Dr. Michael Reber, a University Health Network neurobiologist, looks through a virtual reality, head-mounted display called Oculus Go (Photo: UHN)
Charlie (name has been changed for patient privacy) was seven months old when he fell off his father’s lap and landed on the back of his head. The resulting brain injury to his right side left him suffering from hemianopia, which is a loss of vision in one side of his visual field. Although Charlie’s right eye could capture the visual information, his brain could not perceive it. Essentially, he was unable to see the right half of his original visual field.
There was no treatment available for Charlie or other patients experiencing vision loss caused by a brain injury in childhood – until now. The ophthalmologists in the Donald K. Johnson Eye Institute’s Low Vision Rehabilitation Clinic partnered with neurobiologist Dr. Michael Reber to test the Reber Lab’s pioneering virtual reality (VR) rehabilitation program with Charlie.
In 2021, at age 15, many years after his brain injury, Charlie underwent a four-week audiovisual rehabilitation program with the Reber Lab. The program, which included three hours and 20 minutes of visual stimulation was remotely controlled, with the scientists and physicians located in the lab and Charlie located in the Low Vision Rehabilitation Clinic, wearing a VR, head-mounted display called Oculus Go.
“In the VR simulation, patients track with a laser the target, which moves and then stops in the virtual space around them,” says Dr. Reber, senior scientist at the Donald K. Johnson Eye Institute. “You have eight balls that are all moving around, and one of them is the target emitting a sound. When patients succeed in following the target, the simulation goes faster and faster. If they fail, it goes slower and slower.”
The treatment was also repeated with two adults, age 29 and 32, who were diagnosed with hemianopia due to having brain tumours during childhood at ages eight and 13, respectively. Their program consisted of five to six weeks of visual stimulation every other day, corresponding to a total of 20 sessions of 15 minutes each for a total of five hours. This time, the patients completed their virtual treatment while located at home, known as telerehabilitation.
“Imagine that for patients who have low vision, this remote treatment simplifies their life a lot because they don’t have to commute,” says Dr. Reber. “They don’t have to travel and stay where they are comfortable and can do the VR training from home.”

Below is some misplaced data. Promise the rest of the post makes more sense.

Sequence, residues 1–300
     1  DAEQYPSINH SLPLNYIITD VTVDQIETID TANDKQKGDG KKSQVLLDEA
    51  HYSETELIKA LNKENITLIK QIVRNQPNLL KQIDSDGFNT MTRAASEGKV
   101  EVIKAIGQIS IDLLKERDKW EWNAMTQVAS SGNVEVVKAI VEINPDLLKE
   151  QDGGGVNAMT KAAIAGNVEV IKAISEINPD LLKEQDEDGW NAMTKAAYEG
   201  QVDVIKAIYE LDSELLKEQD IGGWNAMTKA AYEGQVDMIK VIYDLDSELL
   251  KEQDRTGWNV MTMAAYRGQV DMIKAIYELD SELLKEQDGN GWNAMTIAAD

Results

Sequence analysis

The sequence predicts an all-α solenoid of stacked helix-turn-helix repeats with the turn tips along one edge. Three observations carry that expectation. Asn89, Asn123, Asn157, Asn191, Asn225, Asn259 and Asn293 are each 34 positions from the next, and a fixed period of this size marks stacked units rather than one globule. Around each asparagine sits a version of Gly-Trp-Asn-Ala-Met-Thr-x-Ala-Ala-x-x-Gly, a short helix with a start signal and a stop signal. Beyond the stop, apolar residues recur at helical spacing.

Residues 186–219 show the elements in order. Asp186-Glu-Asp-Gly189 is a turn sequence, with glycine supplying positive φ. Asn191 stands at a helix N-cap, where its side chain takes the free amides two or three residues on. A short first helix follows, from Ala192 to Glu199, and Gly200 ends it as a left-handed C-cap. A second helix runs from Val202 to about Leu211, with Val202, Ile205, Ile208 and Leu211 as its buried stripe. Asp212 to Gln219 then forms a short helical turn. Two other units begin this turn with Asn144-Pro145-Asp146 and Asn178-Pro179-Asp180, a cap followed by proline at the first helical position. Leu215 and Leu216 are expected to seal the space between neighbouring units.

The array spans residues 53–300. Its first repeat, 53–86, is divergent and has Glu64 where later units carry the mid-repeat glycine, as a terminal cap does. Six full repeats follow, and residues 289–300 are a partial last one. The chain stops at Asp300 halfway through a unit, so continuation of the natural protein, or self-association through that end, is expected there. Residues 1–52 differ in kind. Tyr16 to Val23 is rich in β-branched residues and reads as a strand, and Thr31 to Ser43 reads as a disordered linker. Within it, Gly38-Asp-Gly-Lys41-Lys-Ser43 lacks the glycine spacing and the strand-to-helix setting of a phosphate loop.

Ultimately, in Charlie and the two adult patients, the researchers discovered significant improvement. All three patients showed an increase in their field of vision ranging from 15 to 20 per cent.
Additionally, their contrast sensitivity (the ability to distinguish an object against its background) and fixation stability (the ability of the eye to keep a steady gaze) improved. As a result of the latter, the patients’ reading speed improved by 47 per cent.
The VR program works because “the brain changes over time and the simulation forces the brain to rewire and process vision in a new way,” says Reber. Essentially, the brain is being trained to work around the damaged brain tissue, and create new neural connections within healthier parts of itself to process vision. “You can recreate connections by basically making shortcuts or going around. This is biologically what our simulation does. It recreates new wires or reorganizes the wiring in the dead area so that you can still process visual information.”
Demonstrating that even years after a brain injury or tumour, that VR rehabilitation can improve vision,
Dr. Reber is now collaborating with Dr. Eric Bouffet, Emeritus Professor at the University of Toronto and former Director of the Paediatric Neuro-Oncology Program at SickKids. Together, they will test the treatment on ten children, ages 10 to 17, with brain cancer leading to loss in their visual field. The study started in July 2022.
“There historically has been no treatment available for these children,” says Dr. Reber, quoting Dr. Bouffet. “It’s time to change that.”